Hand-Eye Coordination for Robotic Grasping using Deep Learning for Frame Coordinate Transform
thesisposted on 06.08.2019, 00:00 by Tejas Seshari Sarma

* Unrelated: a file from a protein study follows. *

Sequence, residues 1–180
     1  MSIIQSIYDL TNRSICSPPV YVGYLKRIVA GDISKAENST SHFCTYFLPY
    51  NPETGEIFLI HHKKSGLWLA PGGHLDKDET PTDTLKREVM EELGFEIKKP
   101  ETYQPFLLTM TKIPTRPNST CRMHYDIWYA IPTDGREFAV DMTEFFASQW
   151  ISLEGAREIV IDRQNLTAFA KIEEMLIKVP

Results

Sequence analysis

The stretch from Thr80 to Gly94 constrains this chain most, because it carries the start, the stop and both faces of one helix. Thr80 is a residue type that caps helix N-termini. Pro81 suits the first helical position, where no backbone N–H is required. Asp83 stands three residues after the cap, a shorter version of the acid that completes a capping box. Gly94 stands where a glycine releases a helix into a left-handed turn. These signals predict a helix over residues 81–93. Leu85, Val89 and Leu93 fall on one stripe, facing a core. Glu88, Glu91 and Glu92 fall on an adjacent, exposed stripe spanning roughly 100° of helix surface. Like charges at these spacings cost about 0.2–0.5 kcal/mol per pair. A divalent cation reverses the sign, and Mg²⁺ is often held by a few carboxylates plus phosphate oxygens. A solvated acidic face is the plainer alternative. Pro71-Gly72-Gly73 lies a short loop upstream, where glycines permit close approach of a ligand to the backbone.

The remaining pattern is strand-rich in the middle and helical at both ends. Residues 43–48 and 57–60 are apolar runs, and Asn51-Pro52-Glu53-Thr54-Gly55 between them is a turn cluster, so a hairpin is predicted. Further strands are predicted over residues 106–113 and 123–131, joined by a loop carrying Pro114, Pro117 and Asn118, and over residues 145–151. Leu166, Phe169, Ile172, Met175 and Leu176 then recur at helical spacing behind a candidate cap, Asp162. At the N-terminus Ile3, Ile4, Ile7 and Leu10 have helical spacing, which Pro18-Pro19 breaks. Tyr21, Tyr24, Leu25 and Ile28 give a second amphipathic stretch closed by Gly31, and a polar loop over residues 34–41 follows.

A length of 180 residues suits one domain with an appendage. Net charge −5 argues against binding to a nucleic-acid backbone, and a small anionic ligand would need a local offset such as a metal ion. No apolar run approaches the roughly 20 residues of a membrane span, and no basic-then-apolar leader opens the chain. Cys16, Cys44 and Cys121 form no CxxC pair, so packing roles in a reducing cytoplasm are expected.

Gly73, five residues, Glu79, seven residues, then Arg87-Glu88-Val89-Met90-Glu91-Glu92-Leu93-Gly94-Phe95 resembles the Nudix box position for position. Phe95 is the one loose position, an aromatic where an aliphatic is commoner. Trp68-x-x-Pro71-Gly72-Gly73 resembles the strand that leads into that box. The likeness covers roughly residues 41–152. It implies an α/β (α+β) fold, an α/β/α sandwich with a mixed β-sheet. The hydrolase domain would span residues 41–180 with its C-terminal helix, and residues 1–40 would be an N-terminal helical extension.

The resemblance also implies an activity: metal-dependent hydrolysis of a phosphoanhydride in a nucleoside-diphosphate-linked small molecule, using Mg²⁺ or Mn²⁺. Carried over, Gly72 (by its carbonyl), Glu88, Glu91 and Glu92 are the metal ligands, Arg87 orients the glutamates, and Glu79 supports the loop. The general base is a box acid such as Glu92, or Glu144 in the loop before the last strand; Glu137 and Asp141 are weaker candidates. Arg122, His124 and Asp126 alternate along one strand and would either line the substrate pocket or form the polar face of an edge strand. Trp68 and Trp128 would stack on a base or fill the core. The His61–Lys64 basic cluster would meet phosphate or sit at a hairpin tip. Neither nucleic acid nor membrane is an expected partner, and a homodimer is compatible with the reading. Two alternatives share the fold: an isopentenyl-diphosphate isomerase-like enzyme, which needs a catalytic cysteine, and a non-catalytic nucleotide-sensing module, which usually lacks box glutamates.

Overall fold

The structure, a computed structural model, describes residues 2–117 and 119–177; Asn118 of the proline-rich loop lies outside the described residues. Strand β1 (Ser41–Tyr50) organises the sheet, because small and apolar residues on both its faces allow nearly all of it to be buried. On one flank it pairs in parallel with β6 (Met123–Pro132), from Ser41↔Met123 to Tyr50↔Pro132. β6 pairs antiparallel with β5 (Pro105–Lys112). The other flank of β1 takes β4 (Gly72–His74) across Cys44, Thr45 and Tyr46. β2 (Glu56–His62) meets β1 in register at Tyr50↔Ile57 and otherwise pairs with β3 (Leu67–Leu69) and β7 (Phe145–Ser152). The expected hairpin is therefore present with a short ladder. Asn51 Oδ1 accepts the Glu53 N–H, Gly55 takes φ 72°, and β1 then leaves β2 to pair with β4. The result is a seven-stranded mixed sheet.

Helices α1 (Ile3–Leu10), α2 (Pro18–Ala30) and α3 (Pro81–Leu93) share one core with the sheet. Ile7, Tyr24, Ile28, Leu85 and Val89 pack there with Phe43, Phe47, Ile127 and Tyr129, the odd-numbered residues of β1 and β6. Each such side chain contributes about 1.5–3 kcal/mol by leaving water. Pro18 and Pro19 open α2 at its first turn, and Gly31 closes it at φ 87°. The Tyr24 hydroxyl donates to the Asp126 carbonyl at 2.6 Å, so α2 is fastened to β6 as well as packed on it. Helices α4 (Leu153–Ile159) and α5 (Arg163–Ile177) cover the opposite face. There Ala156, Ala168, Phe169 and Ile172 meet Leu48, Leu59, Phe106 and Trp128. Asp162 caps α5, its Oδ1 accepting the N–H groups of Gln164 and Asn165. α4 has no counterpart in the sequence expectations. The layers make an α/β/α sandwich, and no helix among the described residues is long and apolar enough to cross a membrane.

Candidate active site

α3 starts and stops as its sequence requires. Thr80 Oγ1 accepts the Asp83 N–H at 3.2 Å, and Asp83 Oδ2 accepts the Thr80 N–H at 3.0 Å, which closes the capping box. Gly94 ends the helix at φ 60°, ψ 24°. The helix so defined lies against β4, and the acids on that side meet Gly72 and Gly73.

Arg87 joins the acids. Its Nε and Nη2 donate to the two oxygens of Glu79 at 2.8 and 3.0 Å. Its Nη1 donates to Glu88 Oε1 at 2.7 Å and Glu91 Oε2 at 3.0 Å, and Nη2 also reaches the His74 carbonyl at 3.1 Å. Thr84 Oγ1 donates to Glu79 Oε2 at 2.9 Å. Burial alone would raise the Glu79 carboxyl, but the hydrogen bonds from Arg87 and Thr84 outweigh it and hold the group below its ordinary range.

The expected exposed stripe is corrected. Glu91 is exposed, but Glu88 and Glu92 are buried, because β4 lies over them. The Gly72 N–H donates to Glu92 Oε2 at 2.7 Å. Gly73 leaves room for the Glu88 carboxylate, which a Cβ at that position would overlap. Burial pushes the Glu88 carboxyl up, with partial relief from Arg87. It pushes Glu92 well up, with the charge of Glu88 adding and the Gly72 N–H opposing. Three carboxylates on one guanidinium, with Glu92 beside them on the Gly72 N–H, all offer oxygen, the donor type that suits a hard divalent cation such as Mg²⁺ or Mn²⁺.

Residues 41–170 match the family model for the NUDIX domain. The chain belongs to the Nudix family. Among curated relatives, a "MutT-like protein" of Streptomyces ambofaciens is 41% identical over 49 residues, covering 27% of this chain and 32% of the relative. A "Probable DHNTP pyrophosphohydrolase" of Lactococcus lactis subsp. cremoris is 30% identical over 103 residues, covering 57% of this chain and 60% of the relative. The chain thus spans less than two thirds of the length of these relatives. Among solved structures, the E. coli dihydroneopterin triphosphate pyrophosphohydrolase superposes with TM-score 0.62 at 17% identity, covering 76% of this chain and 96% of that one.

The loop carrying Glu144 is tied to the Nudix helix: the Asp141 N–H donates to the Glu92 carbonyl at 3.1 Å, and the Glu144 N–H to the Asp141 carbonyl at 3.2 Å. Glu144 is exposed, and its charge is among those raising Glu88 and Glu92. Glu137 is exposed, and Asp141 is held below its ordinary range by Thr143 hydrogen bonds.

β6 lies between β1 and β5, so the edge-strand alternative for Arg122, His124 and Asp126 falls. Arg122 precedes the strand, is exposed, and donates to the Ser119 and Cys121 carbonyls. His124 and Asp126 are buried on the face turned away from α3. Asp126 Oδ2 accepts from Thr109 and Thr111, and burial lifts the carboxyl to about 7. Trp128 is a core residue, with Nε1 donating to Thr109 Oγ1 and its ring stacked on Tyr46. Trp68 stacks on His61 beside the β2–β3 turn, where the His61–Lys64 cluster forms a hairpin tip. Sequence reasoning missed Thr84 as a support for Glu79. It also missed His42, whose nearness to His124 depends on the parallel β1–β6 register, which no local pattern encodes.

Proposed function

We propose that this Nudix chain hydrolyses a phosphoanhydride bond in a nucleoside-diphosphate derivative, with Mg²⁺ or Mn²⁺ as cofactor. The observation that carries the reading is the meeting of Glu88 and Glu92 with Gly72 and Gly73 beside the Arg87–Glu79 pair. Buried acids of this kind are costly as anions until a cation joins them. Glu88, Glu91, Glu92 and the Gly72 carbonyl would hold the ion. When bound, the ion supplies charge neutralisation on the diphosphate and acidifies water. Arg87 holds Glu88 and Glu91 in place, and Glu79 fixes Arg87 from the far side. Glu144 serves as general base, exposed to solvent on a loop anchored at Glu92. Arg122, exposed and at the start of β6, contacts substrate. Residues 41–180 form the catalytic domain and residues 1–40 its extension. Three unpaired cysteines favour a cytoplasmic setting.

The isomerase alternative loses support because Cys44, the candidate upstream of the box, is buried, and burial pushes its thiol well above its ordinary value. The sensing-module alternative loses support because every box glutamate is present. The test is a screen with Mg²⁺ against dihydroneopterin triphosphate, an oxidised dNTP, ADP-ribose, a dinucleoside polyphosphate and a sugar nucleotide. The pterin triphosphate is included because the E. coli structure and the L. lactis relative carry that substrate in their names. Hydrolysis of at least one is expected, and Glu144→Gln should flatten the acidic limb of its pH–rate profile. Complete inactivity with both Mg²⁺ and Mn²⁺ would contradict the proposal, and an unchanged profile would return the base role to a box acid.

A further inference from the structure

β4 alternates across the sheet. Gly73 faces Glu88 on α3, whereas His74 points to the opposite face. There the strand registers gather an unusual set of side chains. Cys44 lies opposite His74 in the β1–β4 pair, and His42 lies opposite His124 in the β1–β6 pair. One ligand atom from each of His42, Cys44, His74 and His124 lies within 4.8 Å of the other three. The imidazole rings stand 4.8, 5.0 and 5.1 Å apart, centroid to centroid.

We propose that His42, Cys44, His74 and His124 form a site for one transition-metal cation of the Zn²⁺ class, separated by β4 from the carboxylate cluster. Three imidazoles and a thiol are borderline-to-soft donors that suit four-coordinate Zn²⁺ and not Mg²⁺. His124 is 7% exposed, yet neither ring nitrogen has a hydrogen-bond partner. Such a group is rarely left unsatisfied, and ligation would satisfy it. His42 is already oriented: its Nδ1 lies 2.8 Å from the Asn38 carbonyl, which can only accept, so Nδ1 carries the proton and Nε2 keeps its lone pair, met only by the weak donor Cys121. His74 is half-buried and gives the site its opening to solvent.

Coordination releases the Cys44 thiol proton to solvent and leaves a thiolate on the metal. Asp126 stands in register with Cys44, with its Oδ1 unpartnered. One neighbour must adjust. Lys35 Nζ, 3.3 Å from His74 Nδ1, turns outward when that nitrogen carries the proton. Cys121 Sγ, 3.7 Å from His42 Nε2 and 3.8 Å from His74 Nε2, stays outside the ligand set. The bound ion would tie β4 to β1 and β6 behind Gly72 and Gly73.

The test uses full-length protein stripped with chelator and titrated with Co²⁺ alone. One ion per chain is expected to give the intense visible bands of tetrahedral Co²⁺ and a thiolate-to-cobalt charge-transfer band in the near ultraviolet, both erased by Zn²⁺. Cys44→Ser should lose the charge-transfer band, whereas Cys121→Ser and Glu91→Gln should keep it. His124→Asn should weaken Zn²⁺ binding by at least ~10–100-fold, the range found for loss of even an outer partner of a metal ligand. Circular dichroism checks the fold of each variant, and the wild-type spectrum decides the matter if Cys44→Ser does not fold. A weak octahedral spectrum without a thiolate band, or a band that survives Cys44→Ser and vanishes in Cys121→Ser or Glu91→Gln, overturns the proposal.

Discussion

Coordinate Frame Transformation, or Reference Frame Transformation, is a process that is used to effectively locate a target, detected in a robot's field of view, in three-dimensional Cartesian space. Being able to evaluate the three-dimensional Cartesian coordinates of a target object helps eliminate the usage of error based proximity detection of the robotic arm, in relation to the target. This greatly reduces the grasp time, which in-turn reduces the overall time for completion of a complex task involving multiple grasps. Here, the grasp approach mechanism begins with detecting, and isolating the target object within the task frame, which is a subset of the field of view of the robot's camera. Post the detection of the target by the robot, the coordinates of the centroid of the target are now fed into a trained Deep Learning model, which effectively outputs the corresponding three-dimensional Cartesian coordinates of this target in the robot's own frame of reference. Subsequently, the usage of an Inverse Kinematics solver, on the calculated Cartesian coordinates, directs the motion of the robot arm towards the target, effectively attempting a grasp. This mechanism attempts a grasp without the usage of dynamic calibration of the robotic arm, during the traversal, which leads to significant reduction in latency between planning and the grasp action itself. Dynamic trajectory planning can sometimes lead the robot arm to take a very convoluted path from its initial position, to ultimately reach the target object. Alternate approaches, that use external cameras equipped with depth sensors, extend the dependence of the robot beyond its own resources. The presented Frame Transform model can reduce this dependence, by using only the robot's resources, and Deep Learning to bridge the gap created by the absence of advanced features(in this case, lack of depth sensors on the built-in head Camera), in the hardware present on the Baxter Robot. The goal of the experiment is to determine the extent to which a Deep Learning Model can be used to replace a more conventional semi-analytical multi-stage pipeline for location estimation. We aim to explore the capabilities of Deeper Models and their ability to learn complex relations which would otherwise be concluded by means of a multi-stage pipeline of execution. While this experiment is constrained to a sample Cartesian Plane in the Baxter's frame of reference, it is intended to be a starting point to using Deep Learning to locate targets in Baxter's proximity efficiently.